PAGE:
Hang in there.

<3


Iris L.
Posted: Friday, February 3, 2017 11:36 PM
Joined: 12/15/2011
Posts: 16187


I also replied on your other thread.  You should take this seriously.  No one knows how serious your husband is.  Yes, many PWDs, (persons with dementia) contemplate or verbalize suicide.  In fact, some seriously consider self-euthanasia.  There is a place for that discussion but not right now.  


You should immediately remove all weapons and dangerous items that  he could use to harm himself from the home.  Not just lock them up, but remove them.  These would be guns, rifles, shotguns, knives, medications, dangerous chemicals.  HE SHOULD NEVER BE LEFT ALONE.  His doctor should be notified immediately.  


You might want to speak with an expert on dementia.  The Alzheimer's Association has a Care Consultant available to speak with you 24 hours a day for all concerns.  You can get personalized attention for your family.  The telephone number is 1-800-272-3900 and there is no charge for this service.  Ask the volunteer who answers to connect you with a Care Consultant.


If your husband can use the computer, please invite him to join us patients.  The best thing is for him to communicate with his peers who are going on the same journey.  He needs support.


Iris L.


llee08032
Posted: Saturday, February 4, 2017 8:24 AM
Joined: 5/20/2014
Posts: 4406


Please do call the number as suggested by Iris.You need professional advice and feedback.
llee08032
Posted: Saturday, February 4, 2017 10:17 AM
Joined: 5/20/2014
Posts: 4406


Some nursing homes are poorly run and poorly staffed. The hallways are crowded with persons sitting in wheelchairs unattended. Some whining just for a blanket or a drink! I just recently been to a locked alz unit and it was not nice at all. Last year I visited a horrid place. My son volunteers with his church at  a nursing home, not nice at all. It's all about money, insurance and funding. Nursing home care must be carefully selected. The majority of the nursing homes funded by Medicaid are the worst. It breaks my heart when I have to place someone I work with in one of these places because they need skilled nursing care. I've been to jails and psychiatric institutions in my field of work and the nursing homes funded by Medicaid are no better!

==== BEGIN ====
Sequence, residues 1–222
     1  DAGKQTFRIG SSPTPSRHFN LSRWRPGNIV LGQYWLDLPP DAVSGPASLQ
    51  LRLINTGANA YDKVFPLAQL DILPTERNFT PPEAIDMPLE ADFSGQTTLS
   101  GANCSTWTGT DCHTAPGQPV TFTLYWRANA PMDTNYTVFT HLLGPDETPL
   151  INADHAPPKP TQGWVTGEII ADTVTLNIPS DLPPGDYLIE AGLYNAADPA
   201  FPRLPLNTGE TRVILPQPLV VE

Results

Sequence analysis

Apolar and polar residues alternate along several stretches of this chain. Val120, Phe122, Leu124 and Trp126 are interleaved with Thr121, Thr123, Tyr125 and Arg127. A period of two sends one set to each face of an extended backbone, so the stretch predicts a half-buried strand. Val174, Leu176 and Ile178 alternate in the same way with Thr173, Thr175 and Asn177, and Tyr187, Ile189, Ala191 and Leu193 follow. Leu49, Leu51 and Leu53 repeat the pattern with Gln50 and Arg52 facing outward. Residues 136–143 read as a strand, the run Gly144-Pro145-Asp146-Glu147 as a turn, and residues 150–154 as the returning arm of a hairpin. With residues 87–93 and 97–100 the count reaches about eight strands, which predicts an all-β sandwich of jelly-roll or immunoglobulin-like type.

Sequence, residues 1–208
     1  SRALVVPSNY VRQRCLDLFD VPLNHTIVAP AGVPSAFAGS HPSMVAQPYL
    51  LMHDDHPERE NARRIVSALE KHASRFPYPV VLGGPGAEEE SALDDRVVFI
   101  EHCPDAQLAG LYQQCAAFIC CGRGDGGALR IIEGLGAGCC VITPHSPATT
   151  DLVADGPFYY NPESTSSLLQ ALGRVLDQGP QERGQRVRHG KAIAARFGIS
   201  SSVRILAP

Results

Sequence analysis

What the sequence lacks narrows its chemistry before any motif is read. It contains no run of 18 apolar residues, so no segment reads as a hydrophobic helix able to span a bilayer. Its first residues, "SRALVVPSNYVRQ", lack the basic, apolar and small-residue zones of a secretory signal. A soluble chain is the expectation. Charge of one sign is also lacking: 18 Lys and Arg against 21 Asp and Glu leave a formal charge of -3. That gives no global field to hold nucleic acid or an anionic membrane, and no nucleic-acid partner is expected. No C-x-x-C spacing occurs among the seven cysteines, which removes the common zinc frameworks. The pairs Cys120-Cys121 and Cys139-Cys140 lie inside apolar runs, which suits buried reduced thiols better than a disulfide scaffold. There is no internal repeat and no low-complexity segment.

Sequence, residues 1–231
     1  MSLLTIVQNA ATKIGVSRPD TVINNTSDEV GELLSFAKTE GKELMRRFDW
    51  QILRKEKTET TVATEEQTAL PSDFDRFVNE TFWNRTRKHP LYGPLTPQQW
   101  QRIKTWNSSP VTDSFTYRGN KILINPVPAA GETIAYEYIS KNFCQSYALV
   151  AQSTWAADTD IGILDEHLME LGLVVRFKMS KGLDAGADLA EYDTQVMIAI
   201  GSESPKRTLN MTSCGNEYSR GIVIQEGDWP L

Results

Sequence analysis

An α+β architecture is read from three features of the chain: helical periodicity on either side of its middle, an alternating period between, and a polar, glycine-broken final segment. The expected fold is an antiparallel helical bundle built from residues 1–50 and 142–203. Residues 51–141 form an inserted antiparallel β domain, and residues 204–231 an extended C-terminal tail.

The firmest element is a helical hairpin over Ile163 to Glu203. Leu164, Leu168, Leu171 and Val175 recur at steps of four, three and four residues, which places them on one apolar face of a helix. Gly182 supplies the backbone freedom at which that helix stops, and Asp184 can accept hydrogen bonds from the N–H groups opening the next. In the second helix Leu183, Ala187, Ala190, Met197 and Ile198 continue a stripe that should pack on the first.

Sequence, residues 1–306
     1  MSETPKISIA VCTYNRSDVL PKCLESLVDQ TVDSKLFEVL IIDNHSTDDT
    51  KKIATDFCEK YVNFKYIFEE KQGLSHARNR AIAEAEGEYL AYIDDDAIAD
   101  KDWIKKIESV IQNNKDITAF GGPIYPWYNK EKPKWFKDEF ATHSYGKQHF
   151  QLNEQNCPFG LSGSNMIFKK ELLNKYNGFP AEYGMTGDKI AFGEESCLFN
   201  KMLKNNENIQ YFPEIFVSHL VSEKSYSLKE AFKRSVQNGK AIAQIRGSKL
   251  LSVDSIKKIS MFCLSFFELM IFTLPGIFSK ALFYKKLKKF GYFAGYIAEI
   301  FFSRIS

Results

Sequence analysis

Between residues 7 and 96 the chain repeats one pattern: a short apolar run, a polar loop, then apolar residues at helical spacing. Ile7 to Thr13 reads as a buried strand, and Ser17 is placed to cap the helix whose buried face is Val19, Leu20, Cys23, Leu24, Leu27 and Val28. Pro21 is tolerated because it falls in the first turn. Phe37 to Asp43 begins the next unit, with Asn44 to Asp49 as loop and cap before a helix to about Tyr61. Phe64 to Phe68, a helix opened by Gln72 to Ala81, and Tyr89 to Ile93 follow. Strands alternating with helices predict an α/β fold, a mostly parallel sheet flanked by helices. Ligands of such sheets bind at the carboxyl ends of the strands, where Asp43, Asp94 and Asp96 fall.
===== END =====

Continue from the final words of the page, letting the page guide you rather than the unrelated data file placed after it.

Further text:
Iris L.
Posted: Saturday, February 4, 2017 12:06 PM
Joined: 12/15/2011
Posts: 16187


The members on both caregiver boards, along with Mimi, post a lot about how to go about choosing a care facility that will provide an enriching and healthful environment for a PWD.   It takes work and a lot of  visiting.  At the same time, there are many members who have figured out what they need to do to keep their LO at home and provide an enriching and healthful environment.  That's one of the benefits of these boards.


Iris L.

alz+
Posted: Thursday, February 9, 2017 6:07 PM
Joined: 9/12/2013
Posts: 3549


L lee - the medicaid ones tend to be particularly understaffed. No comparison to assisted living or high end places.

My Dad had excellent insurance and enough money for home care, but when he broke his hip he was put in a nursing home that was understaffed and they let him suffer with a MRSA infection in his repaired broken hip.

********

The despair is likely from too much suffering with  no relief. He might have nothing to look forward to, nothing that gives him pleasure now.

Very concerned for him. If there was ever something he liked to do, say fishing or feeding ducks at park or getting massaged, I would go all out to give him some taste of pleasure.

People can not tolerate months of this kind of anxiety and despair. 

Please let us know if you find him some help. You are doing the right thing. Blessings on you both.


alz+
Posted: Friday, February 10, 2017 8:51 AM
Joined: 9/12/2013
Posts: 3549


LizP -

I just remembered the obvious first check list!

Is your husband DEHYDRATED? does he have a UTI?

I did not read your other post and do not remember his history but if this is a CHANGE try to step back and recall what was happening a few days before this started.

Will he let you comfort him? Will he let you lie down with him and hug him and tell him "You are with him no matter what" ?

he has been on my mind all night.